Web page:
State legislatures create laws for their respective states, check the power of their state governors and reserve the power to ratify amendments to the U.S. Constitution. The laws that state legislatures create often deal with crime and contracts like marriage. State legislatures also participate in carrying out federal programs within their state boundaries.Know More
State legislatures make the laws that govern the states. Unlike the U.S. Congress, which deals with issues like foreign policy and national security, the state legislatures handle more of the issues that affect constituents in their day-to-day lives: marriage and family law, wills and estates, penal law and state infrastructure. The state legislatures establish the state budget; the way in which the government allocates money during a fiscal year. This creates a layer of overlap with the federal government because the state legislature decides how to fund federal programs.
A state legislature checks its governor in much the same way the U.S. Congress checks the president. It can override vetoes, impeach government officials and amend the state constitution.
State legislatures also posses the important power of enabling amendments to the U.S. Constitution. According to Article V of the Constitution, the state legislatures can apply to Congress for a national convention to propose constitutional amendments and then ratify the proposed amendments.Learn more about Branches of Government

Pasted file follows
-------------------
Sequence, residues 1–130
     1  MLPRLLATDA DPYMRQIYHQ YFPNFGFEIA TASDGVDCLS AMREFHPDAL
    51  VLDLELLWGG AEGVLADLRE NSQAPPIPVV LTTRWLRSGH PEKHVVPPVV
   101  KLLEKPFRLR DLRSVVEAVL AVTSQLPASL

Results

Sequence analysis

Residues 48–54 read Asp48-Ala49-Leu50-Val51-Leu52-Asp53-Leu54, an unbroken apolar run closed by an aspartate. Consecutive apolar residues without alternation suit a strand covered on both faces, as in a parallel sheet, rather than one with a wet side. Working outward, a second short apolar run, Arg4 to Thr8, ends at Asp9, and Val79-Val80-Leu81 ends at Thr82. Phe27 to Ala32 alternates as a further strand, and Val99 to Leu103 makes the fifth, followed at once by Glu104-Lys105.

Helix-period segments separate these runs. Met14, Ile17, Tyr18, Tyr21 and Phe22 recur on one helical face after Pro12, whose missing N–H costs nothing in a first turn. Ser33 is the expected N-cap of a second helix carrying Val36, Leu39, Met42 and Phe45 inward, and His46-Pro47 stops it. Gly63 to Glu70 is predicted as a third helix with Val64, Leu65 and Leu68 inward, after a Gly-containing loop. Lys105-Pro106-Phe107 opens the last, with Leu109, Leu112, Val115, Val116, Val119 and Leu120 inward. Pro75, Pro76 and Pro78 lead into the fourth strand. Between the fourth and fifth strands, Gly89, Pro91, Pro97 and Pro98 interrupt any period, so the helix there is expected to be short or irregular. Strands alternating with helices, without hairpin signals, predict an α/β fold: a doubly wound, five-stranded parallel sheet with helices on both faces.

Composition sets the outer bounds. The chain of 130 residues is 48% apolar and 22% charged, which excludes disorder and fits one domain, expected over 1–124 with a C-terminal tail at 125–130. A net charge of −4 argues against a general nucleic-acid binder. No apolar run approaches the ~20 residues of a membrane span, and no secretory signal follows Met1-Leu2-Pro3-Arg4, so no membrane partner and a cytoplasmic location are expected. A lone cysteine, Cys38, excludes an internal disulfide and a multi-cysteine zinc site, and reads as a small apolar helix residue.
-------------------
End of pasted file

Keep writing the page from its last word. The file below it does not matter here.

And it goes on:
Apart from the power to propose and pass laws, Congress has several non-legislative powers including the following: powers to impeach, tax, amend the Constitution, declare war, elect the President in case there is no majority in the electoral college, ratification of treaties and trade agreements, confirmation of appointments and certain investigative powers. Some of these belong to the Senate and some to the House of Representatives.Full Answer >
The Annenberg Classroom states that the "elastic clause" of the U.S. Constitution gives Congress the power to create any laws required to carry out the responsibilities that are specifically assigned to Congress in Article I, Section 8 of that document. The clause, which comes at the end of that section, has been used several times since it was established, according to the University of Missouri-Kansas City School of Law.Full Answer >
The duties of a Georgia congressman are similar to the duties of congressmen from other states and include introducing bills and resolutions, offering amendments and serving on various committees. Congressmen serve in one of the two branches in Congress, either the House of Representatives or the Senate.Full Answer >
The Supremacy Clause states that the Constitution, the laws of the United States and all treaties under the authority of the United States are deemed the supreme law of the land, meaning it overrides state constitutions and laws. It is the second clause of Article VI of the Constitution.Full Answer >